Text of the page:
Scene 1 (1994); Teeaage girls at summer camp acting like five-year olds.  One is swinging.  Another  blows on a whirligig and laughs in delight.  I don't get it -- are these special needs children?  At least the boys are doing teen things, drinking wine and playing foosball. 

Out on the lake, three boys, including Teen Hunk, are frolicking (bare chest shots) while a Girl photographs them.

They head back to camp.  Teen Hunk and the Girl grin dopily at each other.

Mom and Creepy Head Counselor yell at Teen Hunk for shirking his responsibilities to go grinning dopily at The Girl.  He's supposed to be "looking after them."

Scene 2:  Teen Hunk blows off his duties again to go out into the woods with the three from the lake. They helpfully introduce themselves, although they obviously already know each other -- unless this scene is outof sequence: Pawel (Teen Hunk), Laura (the Girl), Artur (left), and Daniel.  The boys take off their shirts, and Laura photographs them.

That night, in the cabin, Pawel and his Sister discuss how hot Daniel and Laura are, respectively.

Scene 3: Pawel is off to make his nightime rounds, shining his flashlight into dark trees and checking the locks on buildings.  Artur and Laura  join him, and they go joy riding in a  car thats been parked in the woods all day with the keys in it.  Suddenly they hit someone!  Uh-oh, I know what you did last summer, 26 years ago!

Scene 4 (2019):  The Adult Pawel and, I assume, his wife Laura, are watching their daughter in a diving contest. Another daughter sits beside them (this is turning into a very distaff-heavy show).  Pawel refuses to take pictures of the competition, because they could end up on the internet, where pervs could access them. Geez, this guy is broken!  What happened at that summer camp?

Scene 5:  Plot dump:  Adult Pawel is a widower with a daughter.  He works as the chief prosecuting attorney of his district, obsessed with bringing pervs to justice.  Laura, who is married to someone else, has come for a visit.  She asks Pawel to move back home,so things could be like they used to be, but Pavel insists: "Nothing will be like it used to be."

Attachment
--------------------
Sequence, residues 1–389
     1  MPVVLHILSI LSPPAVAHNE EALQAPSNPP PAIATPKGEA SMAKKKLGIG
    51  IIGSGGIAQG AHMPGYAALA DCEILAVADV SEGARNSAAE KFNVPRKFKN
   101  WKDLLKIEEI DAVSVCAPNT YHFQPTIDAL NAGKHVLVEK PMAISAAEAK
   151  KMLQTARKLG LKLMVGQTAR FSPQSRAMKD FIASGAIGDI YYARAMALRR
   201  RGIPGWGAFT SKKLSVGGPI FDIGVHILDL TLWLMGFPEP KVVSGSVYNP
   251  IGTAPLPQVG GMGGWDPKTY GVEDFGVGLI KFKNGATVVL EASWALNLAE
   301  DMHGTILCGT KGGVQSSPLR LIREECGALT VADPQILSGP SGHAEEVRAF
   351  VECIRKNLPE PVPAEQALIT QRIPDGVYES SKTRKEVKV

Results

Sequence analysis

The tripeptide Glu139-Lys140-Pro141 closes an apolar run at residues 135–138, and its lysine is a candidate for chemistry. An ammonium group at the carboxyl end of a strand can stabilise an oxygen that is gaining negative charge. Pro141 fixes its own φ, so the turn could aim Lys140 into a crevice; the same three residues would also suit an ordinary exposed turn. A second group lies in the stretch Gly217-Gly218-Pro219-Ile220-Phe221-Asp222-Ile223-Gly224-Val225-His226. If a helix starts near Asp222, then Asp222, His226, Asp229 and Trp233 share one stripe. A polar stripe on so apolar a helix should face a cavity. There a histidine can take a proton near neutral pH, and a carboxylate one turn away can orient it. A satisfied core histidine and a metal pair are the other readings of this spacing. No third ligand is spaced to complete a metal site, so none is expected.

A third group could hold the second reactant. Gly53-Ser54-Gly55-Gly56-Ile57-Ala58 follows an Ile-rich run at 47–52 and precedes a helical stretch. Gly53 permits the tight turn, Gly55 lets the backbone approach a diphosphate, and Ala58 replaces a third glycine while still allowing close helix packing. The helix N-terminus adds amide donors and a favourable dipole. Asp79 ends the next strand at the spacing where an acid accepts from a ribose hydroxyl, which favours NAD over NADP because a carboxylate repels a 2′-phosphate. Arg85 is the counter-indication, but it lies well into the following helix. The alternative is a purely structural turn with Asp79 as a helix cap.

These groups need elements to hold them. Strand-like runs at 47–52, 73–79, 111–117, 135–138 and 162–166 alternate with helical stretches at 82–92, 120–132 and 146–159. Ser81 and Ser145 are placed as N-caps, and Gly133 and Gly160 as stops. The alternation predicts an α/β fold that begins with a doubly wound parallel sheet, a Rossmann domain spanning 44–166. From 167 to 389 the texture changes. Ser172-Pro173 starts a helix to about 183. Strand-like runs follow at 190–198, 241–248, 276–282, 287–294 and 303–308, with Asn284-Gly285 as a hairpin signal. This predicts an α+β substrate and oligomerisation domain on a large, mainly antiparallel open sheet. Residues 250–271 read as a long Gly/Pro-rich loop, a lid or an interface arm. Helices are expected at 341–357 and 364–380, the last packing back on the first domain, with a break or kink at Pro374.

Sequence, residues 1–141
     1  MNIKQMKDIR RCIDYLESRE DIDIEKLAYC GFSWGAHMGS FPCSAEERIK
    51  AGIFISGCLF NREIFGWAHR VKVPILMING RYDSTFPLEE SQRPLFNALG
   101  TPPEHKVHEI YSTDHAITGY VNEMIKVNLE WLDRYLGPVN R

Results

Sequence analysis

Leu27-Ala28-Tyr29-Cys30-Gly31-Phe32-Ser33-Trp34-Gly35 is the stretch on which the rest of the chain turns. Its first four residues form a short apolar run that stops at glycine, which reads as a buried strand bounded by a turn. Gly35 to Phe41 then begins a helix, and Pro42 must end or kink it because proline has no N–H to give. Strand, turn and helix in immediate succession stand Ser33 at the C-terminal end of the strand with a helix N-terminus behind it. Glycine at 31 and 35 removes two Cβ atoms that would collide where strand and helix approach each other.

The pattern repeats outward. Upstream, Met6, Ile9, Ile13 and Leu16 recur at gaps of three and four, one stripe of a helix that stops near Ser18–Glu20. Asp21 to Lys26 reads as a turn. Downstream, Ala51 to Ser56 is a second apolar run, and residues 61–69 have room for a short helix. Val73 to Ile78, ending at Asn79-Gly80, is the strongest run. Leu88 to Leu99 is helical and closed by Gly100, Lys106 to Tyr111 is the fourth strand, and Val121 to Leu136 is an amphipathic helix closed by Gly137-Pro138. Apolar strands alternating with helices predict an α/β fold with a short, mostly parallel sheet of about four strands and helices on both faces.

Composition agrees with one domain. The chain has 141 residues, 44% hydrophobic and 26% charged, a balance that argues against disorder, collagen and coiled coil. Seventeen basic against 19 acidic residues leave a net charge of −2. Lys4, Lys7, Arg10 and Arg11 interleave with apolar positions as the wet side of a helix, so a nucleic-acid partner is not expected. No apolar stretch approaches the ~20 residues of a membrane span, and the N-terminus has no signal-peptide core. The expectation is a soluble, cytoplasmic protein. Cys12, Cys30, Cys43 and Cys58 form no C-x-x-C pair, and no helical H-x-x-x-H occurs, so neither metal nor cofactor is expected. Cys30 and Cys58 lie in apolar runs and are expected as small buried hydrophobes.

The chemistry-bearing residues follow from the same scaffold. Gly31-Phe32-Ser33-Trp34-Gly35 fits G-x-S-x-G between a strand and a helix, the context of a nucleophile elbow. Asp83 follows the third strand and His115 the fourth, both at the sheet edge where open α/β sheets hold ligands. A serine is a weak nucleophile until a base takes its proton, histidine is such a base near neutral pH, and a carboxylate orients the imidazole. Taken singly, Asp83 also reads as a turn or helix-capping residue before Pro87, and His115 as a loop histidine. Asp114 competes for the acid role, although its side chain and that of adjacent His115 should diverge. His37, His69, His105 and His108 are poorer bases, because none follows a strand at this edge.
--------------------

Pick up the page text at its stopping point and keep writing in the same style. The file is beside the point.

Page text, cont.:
Scene 6:  Although it's the middle of the night,after the competition, Pawel goes to work, analyzing criminal case files in his office.   Suddenly a police inspector shows up (why would he think that Pawel was even there in the middle of the night?).  By being threatening and sinister, he convinces Pawel to drive with him to a huge, scary building.

Plot dump:  Someone named Marek was murdered last night.  It's a fake name, so they don't know who he really was.  But he was carrying a lot of newspaper clippings about the 1994 disappearances, and Pawel's name and address..

Scene 7 (1994);  The guys are playing basketball (one shirtless, and a ginormous bulge), while girls look on with annoyingly blatant horniness -- they're dying to get laid, right now!  Wait -- weren't they acting like five-year olds earlier that day?

Artur obligingly approaches one, and they swallow each other's tongues for awhile, until Creepy Head Counselor interrupts them. .

Scene 8:  Creepy Head Counselor goes into the woods with some girls and flirts with them (I guess they're so horny they'll take anyone with a penis.)

Meanwhile, Pawel and Laura go to the beach, play with each other's toes, and smoosh their tongues inside each other's mouths.